One Small Molecule, Potential Giant Step to Improve Cognitive Function
A $6.1 million study led by the UArizona Center for Innovation in Brain Science will test novel small molecules to improve the lives of Alzheimer's patients.
With only five available drugs approved by the U.S. Food and Drug Administration to treat Alzheimer's disease – and no drugs to prevent or cure it – the National Institute on Aging has awarded a $6.1 million grant to the Center for Innovation in Brain Science at the University of Arizona Health Sciences to investigate a novel approach to treat the disease.
The study will seek to advance the development of a small molecule Mas agonist leading to the submission of an investigational new drug for the treatment of Alzheimer's and related dementias. Mas agonists are used to bind to and activate biological receptors, and this study will involve the renin-angiotensin system, a hormone system that regulates blood pressure, fluid balance and vascular resistance.
In recent years, cardiovascular disorders and genetic factors have been linked to an increased risk of developing Alzheimer's disease. The renin-angiotensin system has been implicated in both cardiovascular disease and Alzheimer's disease, yet the protective arm of the system, including angiotensin (1-7), is known to counter-regulate the effects and reduce inflammation and oxidative stress.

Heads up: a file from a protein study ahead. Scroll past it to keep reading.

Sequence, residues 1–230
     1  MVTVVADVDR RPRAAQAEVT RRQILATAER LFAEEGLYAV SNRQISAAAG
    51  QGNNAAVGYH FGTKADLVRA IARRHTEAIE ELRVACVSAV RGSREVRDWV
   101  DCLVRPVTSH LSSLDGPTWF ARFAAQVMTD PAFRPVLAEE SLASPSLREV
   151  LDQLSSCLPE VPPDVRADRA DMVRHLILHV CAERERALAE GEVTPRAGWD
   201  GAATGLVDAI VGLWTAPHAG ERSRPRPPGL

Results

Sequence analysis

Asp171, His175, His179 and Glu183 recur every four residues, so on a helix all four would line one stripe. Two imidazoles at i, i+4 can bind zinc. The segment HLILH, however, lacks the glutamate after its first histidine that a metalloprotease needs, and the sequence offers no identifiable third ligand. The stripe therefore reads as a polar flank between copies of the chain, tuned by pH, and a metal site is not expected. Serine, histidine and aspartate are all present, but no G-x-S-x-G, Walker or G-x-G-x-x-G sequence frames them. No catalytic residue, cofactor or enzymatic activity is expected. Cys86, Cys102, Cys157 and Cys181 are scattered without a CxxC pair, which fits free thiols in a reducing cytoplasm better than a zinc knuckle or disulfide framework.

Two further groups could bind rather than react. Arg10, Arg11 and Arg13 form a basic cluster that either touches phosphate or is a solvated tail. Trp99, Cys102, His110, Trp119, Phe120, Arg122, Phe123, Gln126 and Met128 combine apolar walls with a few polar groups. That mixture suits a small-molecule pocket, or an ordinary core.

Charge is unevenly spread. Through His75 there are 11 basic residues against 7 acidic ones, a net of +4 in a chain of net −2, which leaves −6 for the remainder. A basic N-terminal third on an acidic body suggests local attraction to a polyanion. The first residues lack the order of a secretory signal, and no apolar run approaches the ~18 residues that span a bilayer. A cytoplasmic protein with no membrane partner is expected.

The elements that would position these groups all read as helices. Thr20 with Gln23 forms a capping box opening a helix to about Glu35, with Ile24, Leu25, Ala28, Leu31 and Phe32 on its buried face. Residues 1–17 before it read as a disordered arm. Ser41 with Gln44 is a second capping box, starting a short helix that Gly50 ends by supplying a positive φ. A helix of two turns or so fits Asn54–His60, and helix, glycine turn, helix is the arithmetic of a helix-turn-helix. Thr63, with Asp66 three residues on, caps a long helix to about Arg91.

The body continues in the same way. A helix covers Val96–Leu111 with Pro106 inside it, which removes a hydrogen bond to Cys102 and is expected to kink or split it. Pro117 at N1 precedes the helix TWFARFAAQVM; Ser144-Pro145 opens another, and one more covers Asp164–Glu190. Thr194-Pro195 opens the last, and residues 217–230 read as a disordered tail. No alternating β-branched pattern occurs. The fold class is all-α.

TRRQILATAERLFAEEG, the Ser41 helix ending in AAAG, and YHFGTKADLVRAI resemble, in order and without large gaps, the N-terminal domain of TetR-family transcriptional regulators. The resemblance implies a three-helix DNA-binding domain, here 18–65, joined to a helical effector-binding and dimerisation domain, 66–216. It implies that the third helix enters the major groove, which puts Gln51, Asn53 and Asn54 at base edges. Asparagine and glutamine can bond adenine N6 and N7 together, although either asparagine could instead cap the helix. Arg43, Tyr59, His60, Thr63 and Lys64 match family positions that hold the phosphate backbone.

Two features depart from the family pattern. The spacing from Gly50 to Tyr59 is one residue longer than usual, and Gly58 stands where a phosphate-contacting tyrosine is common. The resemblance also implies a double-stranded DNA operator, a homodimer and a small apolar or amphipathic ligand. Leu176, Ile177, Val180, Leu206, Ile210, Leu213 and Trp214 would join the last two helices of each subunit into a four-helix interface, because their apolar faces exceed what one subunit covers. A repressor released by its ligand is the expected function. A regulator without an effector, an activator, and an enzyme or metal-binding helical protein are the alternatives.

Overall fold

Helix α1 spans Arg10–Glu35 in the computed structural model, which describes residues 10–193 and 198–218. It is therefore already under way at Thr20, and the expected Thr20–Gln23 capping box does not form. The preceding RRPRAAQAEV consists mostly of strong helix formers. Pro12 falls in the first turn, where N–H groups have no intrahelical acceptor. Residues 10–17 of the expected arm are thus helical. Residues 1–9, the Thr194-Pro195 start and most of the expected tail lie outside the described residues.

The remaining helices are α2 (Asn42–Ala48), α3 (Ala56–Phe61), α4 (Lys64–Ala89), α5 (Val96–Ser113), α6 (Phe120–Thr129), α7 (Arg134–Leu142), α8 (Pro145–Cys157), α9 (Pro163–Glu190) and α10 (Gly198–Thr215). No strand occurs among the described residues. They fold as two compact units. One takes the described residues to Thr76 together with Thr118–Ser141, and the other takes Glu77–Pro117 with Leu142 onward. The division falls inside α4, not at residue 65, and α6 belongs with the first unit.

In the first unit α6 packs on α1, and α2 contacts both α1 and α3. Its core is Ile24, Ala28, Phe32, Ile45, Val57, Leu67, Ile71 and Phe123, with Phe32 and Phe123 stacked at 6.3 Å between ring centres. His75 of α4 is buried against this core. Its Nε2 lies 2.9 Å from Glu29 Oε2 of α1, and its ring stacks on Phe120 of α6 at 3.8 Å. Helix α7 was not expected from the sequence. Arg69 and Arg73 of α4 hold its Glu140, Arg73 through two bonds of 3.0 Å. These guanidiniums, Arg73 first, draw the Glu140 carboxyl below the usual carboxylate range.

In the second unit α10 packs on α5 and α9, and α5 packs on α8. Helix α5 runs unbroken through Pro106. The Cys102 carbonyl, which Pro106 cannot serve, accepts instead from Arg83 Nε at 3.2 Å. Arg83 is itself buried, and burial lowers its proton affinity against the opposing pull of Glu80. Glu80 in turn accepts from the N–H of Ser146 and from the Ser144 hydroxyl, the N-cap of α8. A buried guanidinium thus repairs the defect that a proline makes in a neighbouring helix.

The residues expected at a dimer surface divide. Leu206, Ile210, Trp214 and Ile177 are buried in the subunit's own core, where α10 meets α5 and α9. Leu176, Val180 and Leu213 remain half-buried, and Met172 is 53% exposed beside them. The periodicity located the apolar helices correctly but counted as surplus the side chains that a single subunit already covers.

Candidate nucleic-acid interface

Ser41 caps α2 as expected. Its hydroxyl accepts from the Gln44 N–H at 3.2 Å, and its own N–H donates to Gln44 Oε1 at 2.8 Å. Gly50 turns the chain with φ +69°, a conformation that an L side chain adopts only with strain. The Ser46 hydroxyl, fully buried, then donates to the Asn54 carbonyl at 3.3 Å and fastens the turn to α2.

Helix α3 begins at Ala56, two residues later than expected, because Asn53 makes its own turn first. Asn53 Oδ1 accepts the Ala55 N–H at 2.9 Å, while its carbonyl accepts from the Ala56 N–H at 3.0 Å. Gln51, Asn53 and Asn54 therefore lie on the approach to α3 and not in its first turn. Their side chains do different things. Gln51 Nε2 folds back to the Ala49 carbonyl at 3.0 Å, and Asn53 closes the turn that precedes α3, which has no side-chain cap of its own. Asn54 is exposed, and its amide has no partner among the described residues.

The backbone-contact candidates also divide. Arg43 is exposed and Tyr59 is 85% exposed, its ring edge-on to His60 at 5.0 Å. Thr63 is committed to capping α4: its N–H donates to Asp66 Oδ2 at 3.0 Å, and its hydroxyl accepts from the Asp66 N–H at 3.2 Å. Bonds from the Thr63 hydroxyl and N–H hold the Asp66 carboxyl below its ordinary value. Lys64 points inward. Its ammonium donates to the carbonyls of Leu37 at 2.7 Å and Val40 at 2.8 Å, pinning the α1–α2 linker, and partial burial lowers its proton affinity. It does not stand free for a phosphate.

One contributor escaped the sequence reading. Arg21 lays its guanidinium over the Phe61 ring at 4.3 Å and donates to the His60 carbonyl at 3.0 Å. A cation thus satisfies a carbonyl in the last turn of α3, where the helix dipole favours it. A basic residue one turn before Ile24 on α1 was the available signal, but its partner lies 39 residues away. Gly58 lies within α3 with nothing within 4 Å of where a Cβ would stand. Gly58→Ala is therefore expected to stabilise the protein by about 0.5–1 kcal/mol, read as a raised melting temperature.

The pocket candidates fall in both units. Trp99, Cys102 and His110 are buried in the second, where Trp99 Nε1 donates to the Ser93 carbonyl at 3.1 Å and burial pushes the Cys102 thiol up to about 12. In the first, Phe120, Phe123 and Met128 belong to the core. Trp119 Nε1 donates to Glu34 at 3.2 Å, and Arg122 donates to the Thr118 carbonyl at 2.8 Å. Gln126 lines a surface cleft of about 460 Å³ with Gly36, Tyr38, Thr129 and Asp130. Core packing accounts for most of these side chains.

Kathleen Rodgers, principal investigator for the multiyear grant, said the data from numerous clinical trials of Mas agonists is very promising.
"Our lab is focused on harnessing the power of the Mas receptor to hopefully regenerate damaged tissues. Our therapies have the potential to become new therapeutics that slow its progression, treat cognitive symptoms and prevent Alzheimer's disease," she said.
Rodgers is the center's associate director for translational neuroscience and a professor of pharmacology at the UArizona College of Medicine – Tucson.
Alzheimer's disease affects more than 50 million people worldwide and is the most common form of age-related dementia. Currently, no clinical interventions have demonstrated substantial therapeutic effectiveness to prevent, delay or treat the disease.
"Dr. Rodgers' research project is advancing our quest to create innovations to prevent, treat and cure Alzheimer's. Her research could have wide-ranging implications for age-associated neurodegenerative diseases and accelerate our ability to deliver on the promise of precision medicine: the right drug for the right person at the right time," said center director Roberta Diaz Brinton.
"The Center for Innovation in Brain Science has made remarkable progress in advancing our understanding and treatment of neurodegenerative diseases such as Alzheimer's," said University of Arizona President Robert C. Robbins. "Dr. Rodgers' research continues the momentum of innovation at the core of our university and gives our communities hope for a healthier future."
This research is supported by the National Institute on Aging, a unit of the National Institutes of Health, under Award No. U01AG063768.
A version of this story originally appeared on the University of Arizona Health Sciences Office of Public Affairs website: https://opa.uahs.arizona.edu/newsroom/news/2020/one-small-molecule-potential-giant-step-improve-cognitive-function.
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